If You Don’t Speak Up, You’re Not Doing Your Job

In today’s polarized climate, it is not uncommon to hear opposition to anything labeled climate-friendly or green. But confronting inaccurate and unfair arguments requires constant effort, and the trend toward complacency is dangerous. According to Jigar Shah of the Carbon War Room at the American Renewable Energy Day (AREDAY) conference in Aspen last week, if one doesn’t confront inaccuracies, “you’re not doing your job” and you are part of the problem. The tone of Shah’s message is comparable to the public’s frustration over political inaction.

Hunter Lovins, of Natural Capitalism Solutions, offered similar sentiment. Although we might not have a president who cares enough, “we don’t have a lot of things. We just have us.” There is no need to wait for political agreement in order to take action. Lovins’ work in energy efficiency has found that corporations around the world are already making money by going green. Reducing waste saves energy and resources, hence there’s no need to wait for government leadership.

The good news is that the cost of renewable energy is now competitive. In fact, in some states it costs more to open and run a coal power plant than solar. The main costs for a power plant are construction, maintenance and price of the commodity, which in this case, is coal. Once operational, a solar power plant requires minimal maintenance and sunlight is free. Shah highlighted North Carolina as an example, where solar is now cheaper than coal. And wind versus coal provides an even greater mismatch.

As one might think, it is not subsidies that are providing the difference, Shah explained. In contrast, fossil industry proponents claim that the percentage of subsidies compared to price is higher for renewables than for natural gas. This is accurate because start-up costs are higher for renewables; however, the reasoning is specious, he argued. The key is that the riskiest portion of the natural gas investment, exploration, is subsidized by the government, so if natural gas exploration fails, investors lose virtually none of their investment. On the other hand, investors might make a 25% return if the exploration succeeds. Without a guaranteed subsidy, investors might lose their investment should natural gas exploration fail. Shah pointed out that faced with such a risk, a 25% return might not be sufficient to lure investors; they might seek higher returns elsewhere.*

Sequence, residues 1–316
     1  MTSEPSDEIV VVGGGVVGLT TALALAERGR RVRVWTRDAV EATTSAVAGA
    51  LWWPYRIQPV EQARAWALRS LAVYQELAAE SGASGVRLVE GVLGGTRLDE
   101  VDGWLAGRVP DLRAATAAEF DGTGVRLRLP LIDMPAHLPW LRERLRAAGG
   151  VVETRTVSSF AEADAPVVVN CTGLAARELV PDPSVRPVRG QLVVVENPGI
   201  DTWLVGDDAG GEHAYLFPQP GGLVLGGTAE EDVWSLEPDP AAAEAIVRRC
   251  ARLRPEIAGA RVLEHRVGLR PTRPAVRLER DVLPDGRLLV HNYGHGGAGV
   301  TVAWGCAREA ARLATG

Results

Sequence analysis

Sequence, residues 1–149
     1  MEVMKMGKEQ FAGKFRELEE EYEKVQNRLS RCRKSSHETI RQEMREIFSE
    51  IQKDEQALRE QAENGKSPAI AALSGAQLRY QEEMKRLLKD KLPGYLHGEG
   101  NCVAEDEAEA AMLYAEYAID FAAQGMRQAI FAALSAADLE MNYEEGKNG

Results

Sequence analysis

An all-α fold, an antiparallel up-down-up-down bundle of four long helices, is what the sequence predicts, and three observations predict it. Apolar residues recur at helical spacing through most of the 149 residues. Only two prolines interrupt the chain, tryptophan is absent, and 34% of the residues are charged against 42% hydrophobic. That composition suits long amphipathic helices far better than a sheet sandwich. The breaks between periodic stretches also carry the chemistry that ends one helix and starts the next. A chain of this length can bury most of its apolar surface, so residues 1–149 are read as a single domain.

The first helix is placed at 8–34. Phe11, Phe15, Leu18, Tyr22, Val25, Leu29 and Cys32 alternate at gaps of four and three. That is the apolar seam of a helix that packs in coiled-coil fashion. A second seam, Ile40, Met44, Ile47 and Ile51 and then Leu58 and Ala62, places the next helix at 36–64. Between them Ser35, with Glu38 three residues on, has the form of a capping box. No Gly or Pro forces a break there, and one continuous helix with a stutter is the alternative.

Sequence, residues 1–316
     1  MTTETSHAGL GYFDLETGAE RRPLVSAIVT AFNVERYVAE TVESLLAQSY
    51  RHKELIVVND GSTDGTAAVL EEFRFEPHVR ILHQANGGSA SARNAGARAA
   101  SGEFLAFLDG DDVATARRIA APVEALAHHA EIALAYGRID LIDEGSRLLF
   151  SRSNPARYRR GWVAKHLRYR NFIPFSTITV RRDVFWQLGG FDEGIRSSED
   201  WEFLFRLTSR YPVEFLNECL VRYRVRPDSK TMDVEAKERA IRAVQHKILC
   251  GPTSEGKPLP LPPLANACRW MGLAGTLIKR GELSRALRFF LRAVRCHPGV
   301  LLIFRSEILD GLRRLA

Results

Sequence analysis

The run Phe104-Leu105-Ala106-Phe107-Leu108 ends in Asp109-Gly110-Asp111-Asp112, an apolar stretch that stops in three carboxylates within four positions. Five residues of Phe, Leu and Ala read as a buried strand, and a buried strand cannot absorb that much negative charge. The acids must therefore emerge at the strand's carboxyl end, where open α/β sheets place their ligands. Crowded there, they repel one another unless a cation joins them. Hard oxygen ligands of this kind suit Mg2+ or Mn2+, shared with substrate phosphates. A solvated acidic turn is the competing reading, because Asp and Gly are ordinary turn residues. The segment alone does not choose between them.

“Coal is no longer the cheap option,” Hunter Lovins reiterated. “When the General [Wesley Clark] says solar and wind are not ready, call bull—-!” Unfortunately, when the General made this statement earlier in the conference, no one objected. A more concerted effort is needed if we are going to do our job!

* Return estimates taken from the AREDAY conference

Changing Planet

Meet the Author
Chad Lipton is currently starting a business delivering clean energy services in Cote d’Ivoire. Previously, Chad worked for National Geographic where he managed a grant program to fund entrepreneurs delivering innovative energy solutions to communities facing economic, climate change, environmental and other challenges. In 2013, Chad submitted the winning idea to be the subject matter for National Geographic's challenge competition, called the Terra Watt Prize. He helped develop the prize objective, which is to address the challenges of energy access by facilitating the flow of capital between entrepreneurs and investors and also to identify viable business models. Before National Geographic, Chad worked for Elysian Energy as an energy auditor, carrying out site visits and analysis in the residential energy field. Prior to Elysian Energy, Chad worked in the field of carbon management, where he performed site verification for greenhouse gas emission reduction projects. From 2004-07, Chad worked as an environmental health specialist in Africa carrying out water and sanitation projects in Côte d’Ivoire and Mozambique. Chad has master’s degrees in Environmental Health Science and International Relations from The Johns Hopkins University.